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MathGroup Archive 2006

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Re: Re: Finding the Number of Pythagorean Triples below a bound

  • To: mathgroup at smc.vnet.net
  • Subject: [mg68469] Re: [mg68345] Re: Finding the Number of Pythagorean Triples below a bound
  • From: Andrzej Kozlowski <akoz at mimuw.edu.pl>
  • Date: Sun, 6 Aug 2006 02:57:01 -0400 (EDT)
  • References: <eaeqa3$53v$1@smc.vnet.net><200607300848.EAA25171@smc.vnet.net> <eakfgm$rl6$1@smc.vnet.net> <200608020923.FAA28520@smc.vnet.net> <1484.74.136.205.171.1154809948.squirrel@webmail.wolfram.com>
  • Sender: owner-wri-mathgroup at wolfram.com

On 5 Aug 2006, at 22:32, danl at wolfram.com wrote:

>> Hello all,
>>
>> My thanks to Peter and Andrzej, as well as those who privately  
>> emailed
>> me.
>>
>> To recall, the problem was counting the number of solutions to a
>> bivariate polynomial equal to a square,
>>
>> Poly(a,b) = c^2
>>
>> One form that interested me was the Pythagorean-like equation:
>>
>> a^2 + b^2 = c^2 + k
>>
>> for {a,b} a positive integer, 0<a<=b, and k any small integer. I was
>> wondering about the density of solutions to this since I knew in the
>> special case of k=0, let S(N) be the number of primitive solutions  
>> with
>> c < N, then S(N)/N = 1/(2pi) as N -> inf.
>>
>> For k a squarefree integer, it is convenient that any solution is  
>> also
>> primitive. I used a simple code that allowed me to find S(10^m) with
>> m=1,2,3 for small values of k (for m=4 took my code more than 30 mins
>> so I aborted it). The data is given below:
>>
>> Note: Values are total S(N) for *both* k & -k:
>>
>> k = 2
>> S(N) = 4, 30, 283
>>
>> k = 3
>> S(N) = 3, 41, 410
>>
>> k = 5
>> S(N) = 3, 43, 426
>>
>> k = 6
>> S(N) = 3, 36, 351
>>
>> Question: Does S(N)/N for these also converge? For example, for the
>> particular case of k = -6, we have
>>
>> S(N) = 2, 20, 202
>>
>> which looks suspiciously like the ratio might be converging.
>>
>> Anybody know of a code for this that can find m=4,5,6 in a reasonable
>> amount of time?
>>
>>
>> Yours,
>>
>> Titus
>
> Having been involved in some of the private email I have a bit of an
> advantage.
>
> I'd say up to 10^6 or maybe 10^7 the way to go is by looking at the
> factorization of c2=c^2+k. This way you only need iterate over c.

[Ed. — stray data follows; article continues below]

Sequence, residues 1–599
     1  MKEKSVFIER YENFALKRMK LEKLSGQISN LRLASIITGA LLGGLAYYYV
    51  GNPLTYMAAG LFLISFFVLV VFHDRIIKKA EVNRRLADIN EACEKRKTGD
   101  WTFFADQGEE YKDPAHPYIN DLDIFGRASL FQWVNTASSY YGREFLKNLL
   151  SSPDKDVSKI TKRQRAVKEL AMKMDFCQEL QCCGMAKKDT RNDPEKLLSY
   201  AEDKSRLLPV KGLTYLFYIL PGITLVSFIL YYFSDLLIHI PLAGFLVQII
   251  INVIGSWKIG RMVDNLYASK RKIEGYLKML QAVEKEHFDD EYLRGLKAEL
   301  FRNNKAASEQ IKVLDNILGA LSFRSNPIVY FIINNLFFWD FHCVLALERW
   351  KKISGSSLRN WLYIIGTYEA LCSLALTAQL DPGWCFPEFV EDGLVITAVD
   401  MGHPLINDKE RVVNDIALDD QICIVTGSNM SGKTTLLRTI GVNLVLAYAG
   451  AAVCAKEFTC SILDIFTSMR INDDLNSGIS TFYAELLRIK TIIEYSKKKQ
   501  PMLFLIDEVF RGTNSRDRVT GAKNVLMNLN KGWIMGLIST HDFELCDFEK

> Also as
> Andrzej Kozlowski pointed out, one can remove from consideration  
> all c2
> for which, after removing factors of 2, the remaining odd is 3  
> modulo 4. I
> use a prescan to enforce that if factors of 3,7, or 11 are present  
> then so
> are their squares (note: I did not check whether this helps for  
> speed but
> I suspect it does for large n). The full FactorInteger check  
> enforces that
> any factor equal to 3 mod 4 appears to even degree. After that I  
> punt to
> NumberTheory`NumberTheoryFunctions` to use
> OrderedSumOfSquaresRepresentations. Finally, I found it faster to  
> use this
> on c2 with powers of 2 removed. One can show this gives the correct
> result.
>
> countTriples[m_, k_] := Module[
>     {c2, c2odd, total = 0, fax, add, g},
>     Do[
>       c2 = c^2 + k;
>       If[c2 < 5, Continue[]];
>       c2odd = c2;
>       While[EvenQ[c2odd], c2odd /= 2];
>       If[Mod[c2odd, 4] == 3, Continue[]];
>       g = GCD[c2odd, 231];
>       If[g ª­ 1 && g^2 ª­ GCD[c2odd, 53361], Continue[]];
>       fax = Mod[FactorInteger[c2odd], 4];
>       If[Apply[Or, Map[#[[1]] == 3 && OddQ[#[[2]]] &, fax]],  
> Continue[]];
>       add = OrderedSumOfSquaresRepresentations[2, c2odd];
>       total += Length[add];
>       , {c, 1, m - 1}];
>     total]
>
> Quick test for agreement with your results:
>
> In[96]:=countTriples[10^3,-5]+countTriples[10^3,5]
> Out[96]=426
>
> Here are some timings.
>
> In[54]:=Timing[countTriples[10^4,3]]
> Out[54]={0.591 Second,1154}
>
> In[93]:=Timing[countTriples[10^5,3]]
> Out[93]={8.562 Second,12115}
>
> In[95]:=Timing[countTriples[10^5,2]]
> Out[95]={24.054 Second,9912}
>
> In[94]:=Timing[countTriples[10^6,3]]
> Out[94]={131.91 Second,121054}
>
> I would think it will handle 10^7 reasonably well (maybe an hour or  
> two).
> But that depends on notgetting bogged in too many relatively expensive
> factorizations.
>
> As I noted in email, I would not be surprised if there are further
> improvements, maybe by avoiding the OrderedSumOfSquaresRepresentations
> usage.
>
> Daniel Lichtblau
> Wolfram Research
>
>
>
>

Congratulations, this is rather spectacular, I think.

I have to confess, I was very sceptical about the prospects of this  
method; now I think it was because I forgot how much good mathematics  
has gone into making FactorInteger as fast as it is!
Actually, it is vastly faster not only than my compiled code but also  
than the C code that can be found here:
http://pat7.com/jp/221k.c
Which only goes to show, what all of us here have always known  
anyway ;-) namely,  that to solve mathematical problems it is better  
to use mathematical methods and Mathematica than general purpose  
programming languages like C.

Andrzej Kozlowski


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